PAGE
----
FOX Sports ‘MLB At Field of Dreams’ Production To Advance Drone-based Sports Coverage
DYSERVILLE, IOWA--When two 14U youth baseball teams from Chicago and New York City take the field tonight here where “Field of Dreams” was shot in 1989, they will claim a small spot in baseball history.
Not only will they play in the first special exhibition game on the eve of the first-ever “MLB at Field of Dreams” game, they also will be among the first baseball players televised with the help of airborne drones.
“We’ve been working with Major League Baseball to integrate drone technology into game coverage for some time,” said Brad Cheney, vice president of field operations at FOX Sports.
The sports network, which begins coverage tonight, Aug. 12, at 6 p.m. EDT on FS1, and the “MLB at Field of Dreams Sponsored by GEICO” game between the Chicago White Sox and the New York Yankees, will use a variety of drones, including a heavy-lift Hercules carrying a Sony HDC-P31 1080p HDR camera, DJI Inspire 2 and the Beverly Hills Aerials FPV.
“I think this is going to be a really large step forward, not only for the coverage of the games, but also to give it that cinematic feel that the movie has and tie the movie and the game together a lot better,” says Cheney.
Iconic View The Lansing family farm used in the movie offers a picturesque view of rural America. Amid his Iowa cornfield, farmer Ray Kinsella (Kevin Costner) builds a baseball diamond in response to the mysterious voice that utters one of the best-known sentences in film history: “If you build it, they will come.”
“Without a doubt, you will see it [the Beverly Hills Aerials FPV drone] flying through the farmhouse and in and around all kinds of things,” says Cheney.
Ten years ago, a group of investors led by Denise Stillman bought the field and set about its preservation. Part of the work includes an 8,000-seat ballpark MLB has built on the site.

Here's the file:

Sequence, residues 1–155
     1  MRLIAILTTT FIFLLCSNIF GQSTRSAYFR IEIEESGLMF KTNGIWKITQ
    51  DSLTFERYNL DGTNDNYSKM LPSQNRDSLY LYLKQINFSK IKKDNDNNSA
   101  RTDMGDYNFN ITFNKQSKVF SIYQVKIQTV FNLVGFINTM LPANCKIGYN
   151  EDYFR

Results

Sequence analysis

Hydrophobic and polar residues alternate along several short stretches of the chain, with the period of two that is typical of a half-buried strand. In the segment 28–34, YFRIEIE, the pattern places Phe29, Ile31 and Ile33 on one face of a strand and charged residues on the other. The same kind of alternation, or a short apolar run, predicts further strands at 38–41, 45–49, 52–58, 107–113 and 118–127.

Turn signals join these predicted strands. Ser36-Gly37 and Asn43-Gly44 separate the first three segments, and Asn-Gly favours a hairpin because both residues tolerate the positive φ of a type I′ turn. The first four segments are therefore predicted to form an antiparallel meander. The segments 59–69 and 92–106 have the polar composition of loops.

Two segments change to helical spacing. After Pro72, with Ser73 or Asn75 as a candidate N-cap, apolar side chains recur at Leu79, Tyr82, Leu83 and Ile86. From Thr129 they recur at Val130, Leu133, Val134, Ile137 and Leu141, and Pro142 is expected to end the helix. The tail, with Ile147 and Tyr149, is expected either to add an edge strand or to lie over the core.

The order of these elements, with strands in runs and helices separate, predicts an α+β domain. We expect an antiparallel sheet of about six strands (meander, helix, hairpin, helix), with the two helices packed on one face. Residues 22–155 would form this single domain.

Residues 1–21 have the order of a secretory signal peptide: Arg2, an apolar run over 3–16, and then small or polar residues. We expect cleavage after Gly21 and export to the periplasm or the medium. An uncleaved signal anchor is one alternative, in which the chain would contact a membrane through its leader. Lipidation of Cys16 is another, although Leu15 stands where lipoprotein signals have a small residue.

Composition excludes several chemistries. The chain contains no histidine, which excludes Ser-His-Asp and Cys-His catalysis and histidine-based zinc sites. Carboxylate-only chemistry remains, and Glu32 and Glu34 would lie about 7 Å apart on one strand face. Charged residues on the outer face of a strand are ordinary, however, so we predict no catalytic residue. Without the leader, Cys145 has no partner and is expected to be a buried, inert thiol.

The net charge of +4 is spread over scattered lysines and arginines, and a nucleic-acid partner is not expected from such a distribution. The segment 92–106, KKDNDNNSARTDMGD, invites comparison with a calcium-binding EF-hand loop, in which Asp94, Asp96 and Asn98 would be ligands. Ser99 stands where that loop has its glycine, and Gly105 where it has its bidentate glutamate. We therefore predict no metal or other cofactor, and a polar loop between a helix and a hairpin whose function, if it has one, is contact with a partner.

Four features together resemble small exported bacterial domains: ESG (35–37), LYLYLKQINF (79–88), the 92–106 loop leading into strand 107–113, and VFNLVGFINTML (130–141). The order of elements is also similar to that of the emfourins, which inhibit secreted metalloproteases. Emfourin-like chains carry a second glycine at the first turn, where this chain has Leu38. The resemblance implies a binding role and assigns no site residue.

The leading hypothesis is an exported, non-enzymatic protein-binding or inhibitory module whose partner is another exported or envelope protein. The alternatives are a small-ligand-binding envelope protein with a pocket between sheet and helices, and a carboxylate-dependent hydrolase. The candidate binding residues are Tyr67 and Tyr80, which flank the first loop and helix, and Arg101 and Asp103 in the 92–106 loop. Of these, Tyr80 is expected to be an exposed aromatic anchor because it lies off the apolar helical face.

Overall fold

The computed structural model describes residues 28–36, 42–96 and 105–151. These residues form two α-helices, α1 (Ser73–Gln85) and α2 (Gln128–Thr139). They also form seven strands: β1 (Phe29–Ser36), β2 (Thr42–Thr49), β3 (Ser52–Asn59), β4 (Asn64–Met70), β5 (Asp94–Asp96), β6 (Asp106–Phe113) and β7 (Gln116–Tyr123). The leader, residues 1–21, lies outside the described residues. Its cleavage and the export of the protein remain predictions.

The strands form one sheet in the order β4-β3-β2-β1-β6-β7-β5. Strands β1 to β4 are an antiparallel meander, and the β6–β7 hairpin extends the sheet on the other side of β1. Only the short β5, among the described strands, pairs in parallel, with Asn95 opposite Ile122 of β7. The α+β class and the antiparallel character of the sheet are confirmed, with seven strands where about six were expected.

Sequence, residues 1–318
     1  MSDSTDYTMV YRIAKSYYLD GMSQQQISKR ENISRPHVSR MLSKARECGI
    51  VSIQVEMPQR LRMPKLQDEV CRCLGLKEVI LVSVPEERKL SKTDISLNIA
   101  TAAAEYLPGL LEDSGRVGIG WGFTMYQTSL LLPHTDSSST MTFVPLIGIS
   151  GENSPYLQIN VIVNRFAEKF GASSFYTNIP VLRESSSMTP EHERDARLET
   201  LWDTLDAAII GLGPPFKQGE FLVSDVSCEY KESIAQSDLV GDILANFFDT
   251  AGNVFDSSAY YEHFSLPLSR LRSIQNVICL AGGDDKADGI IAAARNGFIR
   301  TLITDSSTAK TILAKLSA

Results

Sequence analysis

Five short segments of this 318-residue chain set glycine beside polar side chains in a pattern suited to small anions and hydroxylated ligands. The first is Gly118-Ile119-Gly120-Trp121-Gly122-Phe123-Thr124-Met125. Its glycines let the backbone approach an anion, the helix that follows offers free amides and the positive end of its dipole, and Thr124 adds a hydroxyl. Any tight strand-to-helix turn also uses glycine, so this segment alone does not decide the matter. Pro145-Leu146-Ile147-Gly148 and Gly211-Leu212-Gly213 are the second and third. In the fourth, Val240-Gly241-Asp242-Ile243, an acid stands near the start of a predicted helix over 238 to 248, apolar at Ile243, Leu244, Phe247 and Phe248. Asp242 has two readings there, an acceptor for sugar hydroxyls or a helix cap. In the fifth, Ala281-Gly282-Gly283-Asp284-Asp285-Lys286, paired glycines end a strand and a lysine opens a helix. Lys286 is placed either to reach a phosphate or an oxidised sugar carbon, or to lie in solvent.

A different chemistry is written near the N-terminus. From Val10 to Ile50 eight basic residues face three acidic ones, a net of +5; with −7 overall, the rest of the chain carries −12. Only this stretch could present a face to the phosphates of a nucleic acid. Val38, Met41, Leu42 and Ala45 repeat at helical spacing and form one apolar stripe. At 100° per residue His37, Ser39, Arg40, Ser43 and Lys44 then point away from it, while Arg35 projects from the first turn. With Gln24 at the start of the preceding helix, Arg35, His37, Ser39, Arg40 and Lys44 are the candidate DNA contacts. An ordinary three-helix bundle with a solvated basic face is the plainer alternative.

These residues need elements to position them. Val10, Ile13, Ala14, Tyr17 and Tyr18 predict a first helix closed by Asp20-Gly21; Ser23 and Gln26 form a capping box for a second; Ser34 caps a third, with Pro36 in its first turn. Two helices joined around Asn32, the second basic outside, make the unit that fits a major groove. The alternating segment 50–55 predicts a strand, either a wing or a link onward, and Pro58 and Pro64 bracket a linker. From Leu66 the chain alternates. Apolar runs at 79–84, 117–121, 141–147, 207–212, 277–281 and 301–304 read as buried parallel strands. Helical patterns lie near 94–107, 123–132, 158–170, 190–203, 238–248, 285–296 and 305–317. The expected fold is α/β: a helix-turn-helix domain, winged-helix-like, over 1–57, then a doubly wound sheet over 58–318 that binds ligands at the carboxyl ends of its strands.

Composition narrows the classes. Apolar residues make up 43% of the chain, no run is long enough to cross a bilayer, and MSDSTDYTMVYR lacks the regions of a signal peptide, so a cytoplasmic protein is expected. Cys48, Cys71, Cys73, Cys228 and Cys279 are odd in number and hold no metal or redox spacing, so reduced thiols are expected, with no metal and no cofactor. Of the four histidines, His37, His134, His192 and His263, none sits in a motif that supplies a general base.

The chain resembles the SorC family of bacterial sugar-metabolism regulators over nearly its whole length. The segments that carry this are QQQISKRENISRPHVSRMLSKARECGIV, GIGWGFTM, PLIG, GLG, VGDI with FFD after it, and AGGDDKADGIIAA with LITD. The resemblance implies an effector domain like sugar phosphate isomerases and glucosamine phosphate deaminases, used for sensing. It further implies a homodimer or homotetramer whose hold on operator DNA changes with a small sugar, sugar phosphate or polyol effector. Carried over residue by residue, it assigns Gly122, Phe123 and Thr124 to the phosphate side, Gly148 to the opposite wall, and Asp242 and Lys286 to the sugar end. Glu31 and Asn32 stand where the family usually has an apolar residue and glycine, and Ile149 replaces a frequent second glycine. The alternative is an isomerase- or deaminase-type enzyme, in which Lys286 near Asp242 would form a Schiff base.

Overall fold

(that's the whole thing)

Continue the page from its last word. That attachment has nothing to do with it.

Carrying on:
The design of the ballpark, which sits in 159 acres of corn, highlights its connection with the movie set. The right field fence is designed to accentuate a view of the cornfield through a 7-foot-high chain-linked green fence.
More than drones FOX Sports is treating the production of the youth exhibition game just as it will the MLB at Field of Dreams game the following night, Aug. 13. “Nothing is being held back,” says Cheney.
That means many of the 1080p HDR cameras to be used for Thursday night’s game will first be positioned on the movie set where the youth game takes place. It also means that pitch speed and other basic data-driven game graphics will be used; however, certain familiar game graphics, such as the strike zone, are not being deployed in deference to maintaining the visual integrity of the unique rural setting.
“Whereas the technology in a full-on baseball stadium is hidden away in the architecture, the amount of data devices and capture you need for both games is simply too obtrusive to the beauty of what the corn looks like,” he says.
FOX Sports is expected to play up the farm setting of the games. A 1080p HDR FlyCam suspended above the movie set will soar from the set to the ballpark taking in its architecture.
The broadcaster will also deploy two Megalodon and four Super SloMos cameras. In all it will use 39 native 1080p HDR cameras and more than 50 mics, including several buried in the field and at each base for the MLB game, as part of its coverage.
The FOX Sports 1080p HDR production will be up-resed to 4K UHD HDR for distribution as well.
Coverage of the youth game will focus on the excitement and experience of the players. “Judy Boyd [FOX Sports vice president of production], Matt Gangl [lead director] and Pete Macheska [lead producer] are leading those efforts and are really focused on the kids and making it fun,” he says.
While the spectacle of both games is sure to leave a lasting impression on players and viewers alike, it may be the use of drones for coverage of sports in general—and MLB games, specifically—that will prove to be the most enduring takeaway from the games.
“There are a lot of amazing uses for drones across Major League Baseball,” says Cheney. “I mean, how cool would it be to fly in behind the relief pitcher as he’s running into the game? With a drone you can do those things. I think there are 100 shots on that list for baseball. There are 100 on the list for the NFL, college football and basketball as well.”
“It’s just about continuing to prove that there is a safe way to use drones to capture these shots that’s nonintrusive into the game.”